Frequently the stuff of fairy tales, the relationship between humankind and goats just got a new chapter.
A new East-West study based on archaeological and genetic research says ancient inhabitants of a mountainous nook of what is now northwestern Iran undertook one of the earliest defining features of human civilization, domesticating goats that differed significantly from their wild cousins at least 10,000 years ago.
Nineteen Iranian and international scientists authored the new study, published this month in the Proceedings of the National Academy of Sciences of the United States.
They say the genetic trail points to "herded and hunted" goats being gradually domesticated in the region, at the juncture of the Eurasian and Arabian tectonic plates, before 8200 B.C.
The transformation to domesticated crops and livestock is known to have occurred in the so-called Fertile Crescent before "fully integrated agricultural economies" appeared there around the same time.
Such innovations were crucial to the course of human civilization, allowing for more populous settlements and the more complex societies needed to sustain them.
The Zagros Mountains abut the Fertile Crescent -- a swath of the Middle East thought by scientists to have been the cradle of human civilization -- including the earliest irrigation and agricultural efforts, as well as inventions like writing and the wheel.
Some scientists have long regarded the more western portion of the Fertile Crescent as the "epicenter" of such advances.
But the authors of the new study say that theirs and other recent evidence helps refute notions that the more easternmost area was "a backwater, slow to receive and embrace domesticates and food-producing technologies from farther west."
The remains they studied came from late Stone Age sites in Ganj Dareh and Tepe Abdul Hosein, in the western Iranian Zagros Mountains.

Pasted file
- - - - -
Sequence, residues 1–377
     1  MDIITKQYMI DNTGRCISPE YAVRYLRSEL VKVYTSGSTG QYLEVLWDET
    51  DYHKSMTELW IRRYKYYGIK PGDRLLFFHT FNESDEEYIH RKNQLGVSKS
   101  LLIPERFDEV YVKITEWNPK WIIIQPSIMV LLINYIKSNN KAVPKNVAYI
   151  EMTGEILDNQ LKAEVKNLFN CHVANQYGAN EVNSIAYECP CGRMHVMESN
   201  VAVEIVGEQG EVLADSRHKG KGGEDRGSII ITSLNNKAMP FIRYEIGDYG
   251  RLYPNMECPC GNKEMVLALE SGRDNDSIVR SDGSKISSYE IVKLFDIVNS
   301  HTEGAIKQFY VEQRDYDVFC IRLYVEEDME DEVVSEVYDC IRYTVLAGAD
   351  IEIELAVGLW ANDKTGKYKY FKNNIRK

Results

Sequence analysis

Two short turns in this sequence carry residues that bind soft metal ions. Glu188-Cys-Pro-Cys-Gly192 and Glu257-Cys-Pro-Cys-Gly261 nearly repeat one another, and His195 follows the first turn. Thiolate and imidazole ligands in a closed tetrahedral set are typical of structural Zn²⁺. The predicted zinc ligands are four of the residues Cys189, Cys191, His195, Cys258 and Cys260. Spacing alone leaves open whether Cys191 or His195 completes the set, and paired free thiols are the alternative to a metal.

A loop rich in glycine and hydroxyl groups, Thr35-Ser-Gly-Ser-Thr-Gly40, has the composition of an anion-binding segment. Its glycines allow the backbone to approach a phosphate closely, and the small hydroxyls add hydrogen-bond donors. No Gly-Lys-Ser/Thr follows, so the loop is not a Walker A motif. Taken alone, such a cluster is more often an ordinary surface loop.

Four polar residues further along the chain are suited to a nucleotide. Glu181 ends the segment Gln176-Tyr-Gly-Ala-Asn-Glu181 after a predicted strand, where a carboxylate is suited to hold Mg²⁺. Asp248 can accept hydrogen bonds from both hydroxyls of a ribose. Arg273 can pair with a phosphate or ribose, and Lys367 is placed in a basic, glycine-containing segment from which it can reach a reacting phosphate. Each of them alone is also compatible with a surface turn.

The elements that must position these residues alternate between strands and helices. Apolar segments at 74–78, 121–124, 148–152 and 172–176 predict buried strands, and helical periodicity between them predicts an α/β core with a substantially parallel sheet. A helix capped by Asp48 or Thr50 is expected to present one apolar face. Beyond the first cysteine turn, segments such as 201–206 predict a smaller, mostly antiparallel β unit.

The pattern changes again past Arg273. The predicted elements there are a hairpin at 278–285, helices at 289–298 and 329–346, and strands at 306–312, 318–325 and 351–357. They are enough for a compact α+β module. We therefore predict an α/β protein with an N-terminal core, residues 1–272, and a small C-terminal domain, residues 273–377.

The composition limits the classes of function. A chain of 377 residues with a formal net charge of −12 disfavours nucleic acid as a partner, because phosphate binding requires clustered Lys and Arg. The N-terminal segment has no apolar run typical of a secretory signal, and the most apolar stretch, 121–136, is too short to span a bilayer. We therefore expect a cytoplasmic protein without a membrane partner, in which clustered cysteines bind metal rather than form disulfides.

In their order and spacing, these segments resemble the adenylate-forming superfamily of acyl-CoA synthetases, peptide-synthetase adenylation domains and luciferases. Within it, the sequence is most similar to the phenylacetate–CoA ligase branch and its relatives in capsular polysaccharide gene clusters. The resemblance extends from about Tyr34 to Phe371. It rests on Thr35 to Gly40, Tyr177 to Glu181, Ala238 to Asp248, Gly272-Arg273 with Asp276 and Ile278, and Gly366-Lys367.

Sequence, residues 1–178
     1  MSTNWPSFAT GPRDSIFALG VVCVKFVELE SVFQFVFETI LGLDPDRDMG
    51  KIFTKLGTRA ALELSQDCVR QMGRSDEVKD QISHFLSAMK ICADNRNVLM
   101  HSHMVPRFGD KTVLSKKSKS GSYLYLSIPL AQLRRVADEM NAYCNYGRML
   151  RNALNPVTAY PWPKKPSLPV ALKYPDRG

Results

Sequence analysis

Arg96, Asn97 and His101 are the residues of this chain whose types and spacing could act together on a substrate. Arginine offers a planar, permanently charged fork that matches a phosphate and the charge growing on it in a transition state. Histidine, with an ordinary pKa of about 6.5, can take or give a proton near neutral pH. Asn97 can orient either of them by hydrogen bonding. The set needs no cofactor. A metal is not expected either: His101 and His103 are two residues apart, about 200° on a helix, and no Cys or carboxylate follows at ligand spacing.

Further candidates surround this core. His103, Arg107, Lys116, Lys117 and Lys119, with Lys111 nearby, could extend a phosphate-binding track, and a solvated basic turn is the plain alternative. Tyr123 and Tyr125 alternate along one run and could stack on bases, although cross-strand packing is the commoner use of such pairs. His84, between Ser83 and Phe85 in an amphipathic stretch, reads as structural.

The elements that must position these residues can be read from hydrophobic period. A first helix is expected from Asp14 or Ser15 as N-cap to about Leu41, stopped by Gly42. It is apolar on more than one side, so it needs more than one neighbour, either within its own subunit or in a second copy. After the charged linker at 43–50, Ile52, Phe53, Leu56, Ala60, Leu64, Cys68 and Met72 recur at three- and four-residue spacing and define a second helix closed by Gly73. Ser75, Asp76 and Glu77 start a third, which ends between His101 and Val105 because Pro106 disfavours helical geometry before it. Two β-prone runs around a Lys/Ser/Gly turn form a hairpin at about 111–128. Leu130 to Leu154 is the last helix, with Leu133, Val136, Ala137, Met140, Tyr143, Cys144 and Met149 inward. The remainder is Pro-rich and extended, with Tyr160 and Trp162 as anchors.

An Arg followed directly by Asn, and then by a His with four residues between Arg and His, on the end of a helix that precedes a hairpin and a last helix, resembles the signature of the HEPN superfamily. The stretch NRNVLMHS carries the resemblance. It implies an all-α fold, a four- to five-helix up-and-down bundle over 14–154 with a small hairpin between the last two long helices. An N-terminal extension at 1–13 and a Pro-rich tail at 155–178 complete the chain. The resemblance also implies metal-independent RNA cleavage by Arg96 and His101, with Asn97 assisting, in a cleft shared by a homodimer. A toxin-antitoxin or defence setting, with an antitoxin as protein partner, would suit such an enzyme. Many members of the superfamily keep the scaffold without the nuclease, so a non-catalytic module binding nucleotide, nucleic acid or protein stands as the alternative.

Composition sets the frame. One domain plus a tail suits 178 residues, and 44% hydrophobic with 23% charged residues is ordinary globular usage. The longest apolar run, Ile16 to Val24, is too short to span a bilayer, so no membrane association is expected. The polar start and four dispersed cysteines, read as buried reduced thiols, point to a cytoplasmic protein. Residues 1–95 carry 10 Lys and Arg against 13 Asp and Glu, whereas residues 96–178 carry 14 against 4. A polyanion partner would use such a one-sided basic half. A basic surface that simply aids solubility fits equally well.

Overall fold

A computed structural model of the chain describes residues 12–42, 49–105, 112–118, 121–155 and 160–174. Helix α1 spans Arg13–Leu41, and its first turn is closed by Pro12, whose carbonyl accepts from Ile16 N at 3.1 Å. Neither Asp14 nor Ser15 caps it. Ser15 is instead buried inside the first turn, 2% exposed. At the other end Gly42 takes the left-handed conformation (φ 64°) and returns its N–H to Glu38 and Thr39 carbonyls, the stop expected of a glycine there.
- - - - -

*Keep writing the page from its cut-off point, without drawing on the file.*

They say it is clear that area hosted at least one of the earliest aspects of the emerging domestication practices.
"These genomic data present a singular opportunity to deepen our understanding of the consequences of goat management at the dawn of domestication," the researchers wrote.
The remains from sites of "goat management and husbandry" that they studied "support management of genetically domestic goat by circa 8200 B.C., and represent the oldest to-this-date reported livestock genomes."
The bezoar ibex that inhabits mountain slopes from Turkey to Iran is thought to be the common ancestor of all modern domestic goats, and it was the species that the ancient humans in this study "transitioned" to captivity.
They say their testing demonstrated that "managed goats were genetically distinct from wild goats at this early horizon."
In a period about 12,000 years ago that has been dubbed the Neolithic Revolution, many humans transitioned from hunting and gathering to settling and farming, frequently in larger groups.
That period in the Fertile Crescent coincided with a flurry of innovation that included planting and harvesting crops like cereals and chickpeas, and herding goats, cows, sheep, and pigs.
The domestication of such livestock entailed limiting the animals' movements, selectively culling males, and breeding them for food, body parts, or work.
Animal geneticist David MacHugh of University College Dublin, who was not involved in the study, told Science Magazine that the researchers appear to have located "the 'ground zero' for goat domestication, or close to it."
A chill in relations between Iran and the United States since the 1979 Iranian Revolution overthrew the shah and ushered in a theocratic, anti-Western government has hampered scientific cooperation for decades.
Decades of international sanctions presented obstacles to direct collaboration, not only in carrying out research but also in attending conferences and even reading the same scientific literature.
Three years after a 2015 deal between major world powers and Iran exchanged sanctions relief for checks on Tehran's disputed nuclear program, the United States reimposed harsh sanctions in a fresh effort to punish Iran's leadership.
Iran has also eyed its own scientific community with suspicion.
A well-known Iranian-Canadian founder of the Persian Wildlife Heritage Foundation (PWHF), an Iran-based conservation group, died suspiciously in custody in 2018 after being detained for espionage that reports suggested was linked to the use of camera traps and other wildlife-monitoring tools.
Iranian authorities accused the professor, Kavus Seyed-Emami, and colleagues of posing as environmentalists to collect "classified information about the country's strategic areas under the guise of carrying out scientific and environmental projects."
At least six fellow PWHF experts were later sentenced to lengthy prison terms for allegedly "collaborating with the enemy state of the United States" in a case decried by international rights groups.